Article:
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Today strategy game developer Gas Powered Games announced a new “epic real-time strategy game” for the PC and unspecified ‘next-gen’ consoles, that is said to offer a “one-of-a-kind experience.”

Dubbed Kings and Castles, the new game puts gamers in the shoes of “one of three powerful kings who are vying for control of an all-new, original fantasy world.” Similar to Supreme Commander, Kings and Castles also boasts “the ability to zoom to any level, incredible maps, and eye-popping visuals that will run on a wide range of systems.”

While detail are sparse for right now, Gas Powered Games promises to provide fans with plenty of details via Twitter and a weekly video blog. According to Chris Taylor, founder or Gas Powered Games, “Synergy will be leveraged, and paradigms will be established. More importantly, buzzwords will be utilized.” If that quote seems a little silly, check out the first video blog posted above.

I don’t know if I’m the only one, but I really enjoy watching these developer video blogs. In a way it humanizes these development studios allowing fans to gain insight as to how games are made as well as the personalities of the people behind them. Sure Gas Powered Games’ first video blog is pretty kooky and doesn’t really tell us about Kings and Castles, but I think it adds a little something to the company. I now feel more endeared to Gas Powered Games and therefore more likely to pick up some of their titles if they are ever on sale on Steam or something.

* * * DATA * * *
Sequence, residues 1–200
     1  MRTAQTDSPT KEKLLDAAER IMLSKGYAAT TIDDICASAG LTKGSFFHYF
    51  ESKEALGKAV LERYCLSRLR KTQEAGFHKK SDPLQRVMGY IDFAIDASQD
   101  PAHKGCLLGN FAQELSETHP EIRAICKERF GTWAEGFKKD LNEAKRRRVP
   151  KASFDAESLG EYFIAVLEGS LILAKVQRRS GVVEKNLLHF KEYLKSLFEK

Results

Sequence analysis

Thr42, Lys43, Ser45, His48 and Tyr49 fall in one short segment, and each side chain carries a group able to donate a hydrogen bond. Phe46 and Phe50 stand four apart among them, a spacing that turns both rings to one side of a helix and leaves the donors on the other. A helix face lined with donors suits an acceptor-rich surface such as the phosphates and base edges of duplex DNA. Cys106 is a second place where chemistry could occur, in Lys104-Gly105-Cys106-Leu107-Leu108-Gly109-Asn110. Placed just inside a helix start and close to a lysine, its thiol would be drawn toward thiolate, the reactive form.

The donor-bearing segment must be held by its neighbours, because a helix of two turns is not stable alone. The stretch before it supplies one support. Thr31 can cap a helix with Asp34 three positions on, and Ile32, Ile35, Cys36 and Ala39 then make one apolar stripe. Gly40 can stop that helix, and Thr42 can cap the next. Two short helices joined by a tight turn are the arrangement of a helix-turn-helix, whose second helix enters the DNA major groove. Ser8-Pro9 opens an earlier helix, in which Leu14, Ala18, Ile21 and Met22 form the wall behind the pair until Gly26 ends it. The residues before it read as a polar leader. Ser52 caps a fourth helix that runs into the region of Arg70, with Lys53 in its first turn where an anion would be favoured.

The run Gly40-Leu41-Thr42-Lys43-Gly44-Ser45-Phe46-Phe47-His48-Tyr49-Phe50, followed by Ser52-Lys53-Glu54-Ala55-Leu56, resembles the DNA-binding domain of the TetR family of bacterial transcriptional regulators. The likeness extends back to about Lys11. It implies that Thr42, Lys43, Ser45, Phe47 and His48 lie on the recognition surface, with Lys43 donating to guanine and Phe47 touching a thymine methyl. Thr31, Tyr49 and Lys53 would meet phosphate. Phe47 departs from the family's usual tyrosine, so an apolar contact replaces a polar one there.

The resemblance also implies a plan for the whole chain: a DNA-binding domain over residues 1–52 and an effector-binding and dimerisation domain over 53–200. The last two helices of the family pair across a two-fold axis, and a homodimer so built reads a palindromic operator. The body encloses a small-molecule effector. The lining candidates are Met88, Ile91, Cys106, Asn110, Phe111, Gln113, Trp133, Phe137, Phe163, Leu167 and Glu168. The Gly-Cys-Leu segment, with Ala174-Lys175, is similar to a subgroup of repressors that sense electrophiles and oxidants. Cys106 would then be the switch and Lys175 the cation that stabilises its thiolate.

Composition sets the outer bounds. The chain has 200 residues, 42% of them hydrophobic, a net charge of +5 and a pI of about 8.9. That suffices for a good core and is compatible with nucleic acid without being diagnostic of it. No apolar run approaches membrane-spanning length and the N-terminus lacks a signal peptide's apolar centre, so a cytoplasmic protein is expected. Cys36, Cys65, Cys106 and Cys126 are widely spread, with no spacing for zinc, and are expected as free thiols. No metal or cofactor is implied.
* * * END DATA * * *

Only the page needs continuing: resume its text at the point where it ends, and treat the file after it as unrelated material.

What do you guys think? Am I the only one being duped by these little videos, or are other people fans of them?


  1. It’s interesting, but there is only so much innovation you can have with a real-time strategy game before you’re incorporating other genres. One of the most notable games I can think of that did this was Rise & Fall: Civilzations at war.

    R&F was a strategy game developed by Stainless Steel Studios that was supposed to incorporate FPS technology on the battlefield. Basically, for a short amount of time, you could control heroes like Achilles and Alexander to sway the battlefield.

    While it was neat in theory and neat the first few times you did it, it was ultimately game-breaking because the transition was too jarring.

    I can’t help but think motion controls and such for an RTS would provide that same experience, unless they’ve managed to extremely refine them.

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